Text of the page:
Goossen also said that if Margarito-Mosley does not materialize, he would not consider pulling Williams off the Ontario card so he could wait for Mosley to be ready.

Mosley could not be reached for comment. But prior to his fight with Mayorga, Mosley did praise Williams.

"I think Paul Williams is an excellent fighter," Mosley said of the 6-foot-3 southpaw. "I think his height gives him a lot of advantages as a fighter, especially in the welterweight division. I think he is going to be even better at middleweight than he is at welterweight, even though he is great at welterweight."

Arum Speaks in Ominous Tones

The last stop of the Oscar De La Hoya-Manny Pacquiao press tour was a week ago Tuesday in East Los Angeles, where De La Hoya grew up. It culminated an adventure that made historical stops at the Statue of Liberty in New York City, the Sears Tower in Chicago, the Space Center in Houston, the Alamo in San Antonio and Golden Gate Park in San Francisco.

De La Hoya and Pacquiao will square off Dec. 6 at MGM Grand in Las Vegas in a matchup that has taken considerable heat because even though they will meet at 147 pounds, De La Hoya is a true 154-pounder and Pacquiao a 135-pounder.

Arum, who promotes Pacquiao, was asked if he had ever been part of a more impressive tour during his 40-plus years promoting.

"When we did (Marvin) Hagler-(Thomas) Hearns we stopped in 26 cities, so this was nothing compared to that," Arum said. "We were out about two full weeks, so this was relatively easy."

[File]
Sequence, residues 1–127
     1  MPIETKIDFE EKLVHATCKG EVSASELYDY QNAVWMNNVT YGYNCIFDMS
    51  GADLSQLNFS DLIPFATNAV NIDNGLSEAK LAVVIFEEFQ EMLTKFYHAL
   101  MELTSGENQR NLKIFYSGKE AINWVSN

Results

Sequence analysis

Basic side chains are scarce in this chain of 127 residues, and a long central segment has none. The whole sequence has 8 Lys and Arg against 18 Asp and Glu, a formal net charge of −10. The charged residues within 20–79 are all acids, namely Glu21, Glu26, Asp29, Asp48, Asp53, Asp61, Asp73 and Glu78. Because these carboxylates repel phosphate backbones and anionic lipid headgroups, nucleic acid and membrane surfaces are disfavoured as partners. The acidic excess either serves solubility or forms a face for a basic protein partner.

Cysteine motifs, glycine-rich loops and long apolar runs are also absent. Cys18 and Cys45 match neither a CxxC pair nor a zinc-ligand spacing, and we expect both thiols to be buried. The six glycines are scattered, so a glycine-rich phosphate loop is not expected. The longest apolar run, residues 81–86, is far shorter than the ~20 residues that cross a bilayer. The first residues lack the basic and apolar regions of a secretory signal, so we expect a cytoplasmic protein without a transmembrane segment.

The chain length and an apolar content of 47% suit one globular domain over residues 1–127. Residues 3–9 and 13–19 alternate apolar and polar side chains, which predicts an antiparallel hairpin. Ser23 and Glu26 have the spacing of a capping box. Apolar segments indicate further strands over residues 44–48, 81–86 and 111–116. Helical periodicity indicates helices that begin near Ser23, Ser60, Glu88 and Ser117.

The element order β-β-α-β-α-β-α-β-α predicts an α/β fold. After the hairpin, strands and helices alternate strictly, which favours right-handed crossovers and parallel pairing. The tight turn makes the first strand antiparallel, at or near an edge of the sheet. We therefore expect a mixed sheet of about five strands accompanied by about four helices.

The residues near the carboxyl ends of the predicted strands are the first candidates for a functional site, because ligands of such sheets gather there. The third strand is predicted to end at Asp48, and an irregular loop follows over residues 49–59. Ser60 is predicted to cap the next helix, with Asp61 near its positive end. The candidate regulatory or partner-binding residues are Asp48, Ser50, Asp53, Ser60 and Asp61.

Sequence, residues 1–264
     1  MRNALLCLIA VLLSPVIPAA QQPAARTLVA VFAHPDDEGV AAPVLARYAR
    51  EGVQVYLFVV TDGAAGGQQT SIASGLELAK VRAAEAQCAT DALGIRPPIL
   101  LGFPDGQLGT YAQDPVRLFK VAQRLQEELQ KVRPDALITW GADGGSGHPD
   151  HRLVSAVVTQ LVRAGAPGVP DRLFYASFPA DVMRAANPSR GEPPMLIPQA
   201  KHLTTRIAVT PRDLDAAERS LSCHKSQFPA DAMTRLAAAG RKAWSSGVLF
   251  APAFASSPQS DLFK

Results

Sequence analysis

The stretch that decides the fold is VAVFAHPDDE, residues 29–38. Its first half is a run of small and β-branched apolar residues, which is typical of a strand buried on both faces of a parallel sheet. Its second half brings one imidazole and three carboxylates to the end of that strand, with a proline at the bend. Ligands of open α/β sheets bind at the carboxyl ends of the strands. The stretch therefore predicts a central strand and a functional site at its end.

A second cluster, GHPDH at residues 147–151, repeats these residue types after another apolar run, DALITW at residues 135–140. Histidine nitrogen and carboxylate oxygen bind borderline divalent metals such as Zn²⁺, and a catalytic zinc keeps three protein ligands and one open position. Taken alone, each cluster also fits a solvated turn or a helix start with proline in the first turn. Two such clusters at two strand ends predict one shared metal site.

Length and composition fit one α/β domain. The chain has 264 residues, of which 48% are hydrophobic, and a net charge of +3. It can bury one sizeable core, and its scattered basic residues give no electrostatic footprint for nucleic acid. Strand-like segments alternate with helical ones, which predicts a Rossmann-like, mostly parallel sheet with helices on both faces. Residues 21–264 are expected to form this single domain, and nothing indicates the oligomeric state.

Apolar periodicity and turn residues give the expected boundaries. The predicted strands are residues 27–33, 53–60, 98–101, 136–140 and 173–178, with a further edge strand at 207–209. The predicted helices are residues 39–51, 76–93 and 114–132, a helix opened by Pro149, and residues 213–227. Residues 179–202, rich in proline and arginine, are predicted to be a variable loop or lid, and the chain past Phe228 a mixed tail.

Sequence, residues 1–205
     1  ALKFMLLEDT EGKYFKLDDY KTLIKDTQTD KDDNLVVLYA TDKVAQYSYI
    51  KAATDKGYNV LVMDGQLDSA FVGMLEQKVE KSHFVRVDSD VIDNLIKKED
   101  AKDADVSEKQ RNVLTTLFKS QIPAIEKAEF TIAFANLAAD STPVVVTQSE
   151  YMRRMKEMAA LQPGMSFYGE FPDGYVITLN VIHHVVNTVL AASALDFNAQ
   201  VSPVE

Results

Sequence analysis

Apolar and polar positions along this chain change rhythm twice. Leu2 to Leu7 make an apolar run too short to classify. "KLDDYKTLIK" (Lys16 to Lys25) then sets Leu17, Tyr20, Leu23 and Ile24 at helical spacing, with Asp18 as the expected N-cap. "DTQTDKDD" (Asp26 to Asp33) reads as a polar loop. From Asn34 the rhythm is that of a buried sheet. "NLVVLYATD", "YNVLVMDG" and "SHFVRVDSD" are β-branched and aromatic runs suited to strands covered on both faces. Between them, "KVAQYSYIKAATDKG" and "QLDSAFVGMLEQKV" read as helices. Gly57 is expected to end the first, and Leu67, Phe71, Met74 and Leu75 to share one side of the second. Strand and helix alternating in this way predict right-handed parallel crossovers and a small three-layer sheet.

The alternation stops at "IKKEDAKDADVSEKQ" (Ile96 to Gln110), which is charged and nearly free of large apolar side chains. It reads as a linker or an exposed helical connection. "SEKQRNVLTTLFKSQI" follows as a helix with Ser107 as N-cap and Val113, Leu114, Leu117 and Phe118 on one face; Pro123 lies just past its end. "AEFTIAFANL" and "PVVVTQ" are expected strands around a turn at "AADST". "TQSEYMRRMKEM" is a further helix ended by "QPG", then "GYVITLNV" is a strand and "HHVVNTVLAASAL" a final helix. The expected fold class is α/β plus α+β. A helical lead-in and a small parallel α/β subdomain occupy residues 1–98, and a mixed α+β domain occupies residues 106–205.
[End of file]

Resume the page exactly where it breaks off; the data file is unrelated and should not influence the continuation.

Arum then paused and came with something curious.

"But again, I really have no comment on De La Hoya-Pacquiao," Arum said. "If it happens, it will be a good fight."

Come again?

"A lot of things can happen," Arum said.

When asked if something was in the air, Arum said, "No, I'm just saying. I don't mean it to be ominous."

Schaefer was told of Arum's comments during a telephone conversation Tuesday from Atlantic City. Schaefer assured us that all systems are go for De La Hoya-Pacquiao and that there is nary a problem with the fight.

"He (Arum) might be a bit nervous because Bernard Hopkins is in unbelievable shape," Schaefer said. "He might be a bit nervous about putting Pavlik (who is promoted by Arum) in with Hopkins and Pacquiao in with Oscar.

Pavlik and Pacquiao are two of Arum's top fighters. A loss by Pavlik on Saturday and by Pacquiao in December is not a Christmas present any promoter would want.